Independent Policing Oversight Authority (IPOA) Chairman Macharia Njeru (right) flanked by the vice chairperson Jedidah Ntoyai during a press conference in Nairobi yesterday 6/10/2014 to release a report on the Mpeketoni attacks in which more than 60 people were killed PHOTO DAVID NJAAGA
The Independent Police Oversight Authority (IPOA) is under fire.
This follows the drafting of the Police Oversight Authority (Repeal) Bill, 2014 seeking to repeal the body that supervises police officers.
The initiators of the Bill, who happen to be police officers, want IPOA placed under the Johnstone Kavuludi-led National Police Service Commission (NPSC), claiming the State-sponsored watchdog is discriminative in its functions.
Instead of IPOA, they are seeking the establishment of new oversight body to be known as the National Police Oversight Board.
Officers have been faulting IPOA for allegedly conducting biased investigations that tarnish their image.The officers are particularly angered by the move to charge Constable Titus Musili who was accused by IPOA of extrajudicial killings.
Musili, fondly referred to as Katitu, was accused of shooting dead crime suspects Kenneth Kimani and Oscar Muchoki in Githurai 45. Musili’s arrest and subsequent prosecution sparked three-day violent protests by residents who demanded his unconditional release.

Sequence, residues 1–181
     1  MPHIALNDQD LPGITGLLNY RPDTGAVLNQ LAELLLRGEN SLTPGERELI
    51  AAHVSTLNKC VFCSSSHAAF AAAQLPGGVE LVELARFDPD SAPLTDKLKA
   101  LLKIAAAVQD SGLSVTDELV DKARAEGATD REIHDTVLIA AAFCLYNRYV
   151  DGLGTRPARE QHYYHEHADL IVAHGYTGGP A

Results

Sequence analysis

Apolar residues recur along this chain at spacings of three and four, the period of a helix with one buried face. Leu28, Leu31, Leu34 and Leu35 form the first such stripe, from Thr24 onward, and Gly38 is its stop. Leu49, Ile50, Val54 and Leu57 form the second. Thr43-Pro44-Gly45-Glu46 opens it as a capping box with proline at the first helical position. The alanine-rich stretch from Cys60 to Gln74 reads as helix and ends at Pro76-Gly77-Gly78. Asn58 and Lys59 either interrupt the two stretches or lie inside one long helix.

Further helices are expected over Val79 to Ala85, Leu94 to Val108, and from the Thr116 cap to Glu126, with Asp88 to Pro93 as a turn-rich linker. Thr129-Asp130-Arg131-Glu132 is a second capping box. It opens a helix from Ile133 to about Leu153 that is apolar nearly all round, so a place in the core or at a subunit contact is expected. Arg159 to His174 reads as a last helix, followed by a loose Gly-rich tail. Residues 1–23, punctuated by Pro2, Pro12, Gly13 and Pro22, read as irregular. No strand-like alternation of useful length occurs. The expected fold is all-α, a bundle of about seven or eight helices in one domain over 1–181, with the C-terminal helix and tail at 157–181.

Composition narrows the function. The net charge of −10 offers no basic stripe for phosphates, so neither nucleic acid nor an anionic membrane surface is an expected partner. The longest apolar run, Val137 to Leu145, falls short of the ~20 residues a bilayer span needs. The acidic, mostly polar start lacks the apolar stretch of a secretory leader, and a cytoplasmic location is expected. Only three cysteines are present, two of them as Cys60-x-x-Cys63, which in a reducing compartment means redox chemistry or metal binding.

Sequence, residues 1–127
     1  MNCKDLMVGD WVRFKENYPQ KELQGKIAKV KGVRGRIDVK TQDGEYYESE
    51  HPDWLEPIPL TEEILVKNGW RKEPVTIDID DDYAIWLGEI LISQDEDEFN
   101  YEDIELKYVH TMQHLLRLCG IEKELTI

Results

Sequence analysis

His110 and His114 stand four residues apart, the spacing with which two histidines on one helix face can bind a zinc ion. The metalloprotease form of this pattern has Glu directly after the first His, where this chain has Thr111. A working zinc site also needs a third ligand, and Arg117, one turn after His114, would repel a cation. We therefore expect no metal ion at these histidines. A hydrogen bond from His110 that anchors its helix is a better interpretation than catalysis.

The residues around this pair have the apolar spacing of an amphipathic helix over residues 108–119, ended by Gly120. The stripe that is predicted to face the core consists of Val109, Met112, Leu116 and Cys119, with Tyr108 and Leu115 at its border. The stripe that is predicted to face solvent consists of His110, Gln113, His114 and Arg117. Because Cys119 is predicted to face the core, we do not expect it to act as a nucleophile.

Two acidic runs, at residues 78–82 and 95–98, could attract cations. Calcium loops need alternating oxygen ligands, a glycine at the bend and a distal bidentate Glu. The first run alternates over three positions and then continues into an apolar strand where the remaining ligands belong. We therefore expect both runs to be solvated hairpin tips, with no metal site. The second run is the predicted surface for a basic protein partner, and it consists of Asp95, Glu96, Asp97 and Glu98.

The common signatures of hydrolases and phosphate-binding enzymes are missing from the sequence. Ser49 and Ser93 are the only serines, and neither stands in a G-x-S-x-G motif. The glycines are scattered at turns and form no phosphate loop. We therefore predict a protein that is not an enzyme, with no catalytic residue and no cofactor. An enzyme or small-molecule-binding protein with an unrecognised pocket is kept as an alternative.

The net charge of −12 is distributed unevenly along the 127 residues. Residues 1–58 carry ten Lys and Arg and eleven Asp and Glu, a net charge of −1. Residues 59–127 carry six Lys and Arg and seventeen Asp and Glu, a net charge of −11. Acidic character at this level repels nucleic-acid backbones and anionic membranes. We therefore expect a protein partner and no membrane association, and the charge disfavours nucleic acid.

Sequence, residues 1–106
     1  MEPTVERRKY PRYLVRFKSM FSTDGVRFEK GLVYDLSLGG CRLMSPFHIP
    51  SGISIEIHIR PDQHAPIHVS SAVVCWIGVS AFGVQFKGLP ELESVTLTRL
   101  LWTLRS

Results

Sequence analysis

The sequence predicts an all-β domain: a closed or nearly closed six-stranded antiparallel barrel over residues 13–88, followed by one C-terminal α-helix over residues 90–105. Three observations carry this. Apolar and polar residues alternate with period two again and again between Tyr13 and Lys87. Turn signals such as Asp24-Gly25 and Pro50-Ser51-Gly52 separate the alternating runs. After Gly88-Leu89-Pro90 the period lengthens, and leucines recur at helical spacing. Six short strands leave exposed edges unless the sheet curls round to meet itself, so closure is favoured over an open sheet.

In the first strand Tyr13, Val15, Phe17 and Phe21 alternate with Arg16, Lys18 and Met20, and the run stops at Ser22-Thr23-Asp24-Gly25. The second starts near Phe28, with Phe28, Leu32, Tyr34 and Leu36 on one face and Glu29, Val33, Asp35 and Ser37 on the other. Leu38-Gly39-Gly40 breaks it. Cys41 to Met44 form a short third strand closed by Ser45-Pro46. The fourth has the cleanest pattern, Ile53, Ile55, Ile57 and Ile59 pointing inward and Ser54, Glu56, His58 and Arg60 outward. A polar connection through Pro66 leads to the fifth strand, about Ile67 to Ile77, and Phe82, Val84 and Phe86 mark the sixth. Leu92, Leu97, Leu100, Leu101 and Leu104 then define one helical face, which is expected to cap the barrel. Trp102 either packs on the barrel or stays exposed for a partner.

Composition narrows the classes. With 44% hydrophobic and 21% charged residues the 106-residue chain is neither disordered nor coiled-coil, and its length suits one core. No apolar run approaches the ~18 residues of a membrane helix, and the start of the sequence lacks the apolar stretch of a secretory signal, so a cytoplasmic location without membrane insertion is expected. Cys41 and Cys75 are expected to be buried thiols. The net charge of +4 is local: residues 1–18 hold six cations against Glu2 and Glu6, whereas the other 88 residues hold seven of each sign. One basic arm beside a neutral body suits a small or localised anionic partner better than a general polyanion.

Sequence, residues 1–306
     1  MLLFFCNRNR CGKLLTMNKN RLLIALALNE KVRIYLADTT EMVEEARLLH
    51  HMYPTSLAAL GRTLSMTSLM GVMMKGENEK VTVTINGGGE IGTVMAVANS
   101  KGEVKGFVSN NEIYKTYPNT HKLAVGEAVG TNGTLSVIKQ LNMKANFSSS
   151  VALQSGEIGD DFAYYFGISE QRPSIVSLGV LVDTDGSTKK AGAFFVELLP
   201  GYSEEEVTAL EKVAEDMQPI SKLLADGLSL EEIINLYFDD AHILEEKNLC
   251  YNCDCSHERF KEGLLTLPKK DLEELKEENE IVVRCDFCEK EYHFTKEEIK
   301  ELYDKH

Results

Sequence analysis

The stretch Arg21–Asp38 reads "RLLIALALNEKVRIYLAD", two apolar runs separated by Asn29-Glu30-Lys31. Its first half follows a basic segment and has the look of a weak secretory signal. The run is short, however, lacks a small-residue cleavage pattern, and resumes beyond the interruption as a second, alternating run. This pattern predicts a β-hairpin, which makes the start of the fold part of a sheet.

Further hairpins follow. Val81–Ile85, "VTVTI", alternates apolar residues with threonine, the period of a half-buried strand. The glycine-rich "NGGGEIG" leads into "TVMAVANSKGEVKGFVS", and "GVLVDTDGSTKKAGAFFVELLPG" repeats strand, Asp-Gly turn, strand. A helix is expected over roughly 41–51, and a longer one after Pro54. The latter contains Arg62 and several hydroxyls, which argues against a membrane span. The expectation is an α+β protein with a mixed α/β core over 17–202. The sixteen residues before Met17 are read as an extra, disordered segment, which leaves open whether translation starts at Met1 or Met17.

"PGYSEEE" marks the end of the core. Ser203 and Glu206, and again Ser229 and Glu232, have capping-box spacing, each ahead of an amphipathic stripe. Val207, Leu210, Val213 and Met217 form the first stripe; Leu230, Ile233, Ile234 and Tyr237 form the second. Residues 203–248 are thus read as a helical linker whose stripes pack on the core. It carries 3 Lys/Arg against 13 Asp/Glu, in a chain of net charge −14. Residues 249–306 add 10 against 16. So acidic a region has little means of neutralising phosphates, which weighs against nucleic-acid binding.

“Parliament shall ensure the commission is adequately funded for it to effectively and efficiently ensure the Board performs all its function,” reads section 10 (2) of the amendment Bill.
In the draft Bill, NPSC shall recruit and vet the 10 members of the Board headed by a director.
The Bill states that: The NPSC chairperson shall regularly give direction on the minutes, meetings and operations of the board.
The key objectives of the board shall be to monitor the professionalism, effectiveness and efficiency of the police and report to the commission (NPSC); hold the police accountable to the commission, parliament and the public.
The board shall also promote fundamental rights and freedoms contemplated in the Constitution, and ensure police uphold good ethical standards. The Bill says that NPSC shall delegate necessary power to the board.
IPOA was established in 2011 and is chaired by Macharia Njeru, who is assisted by seven members.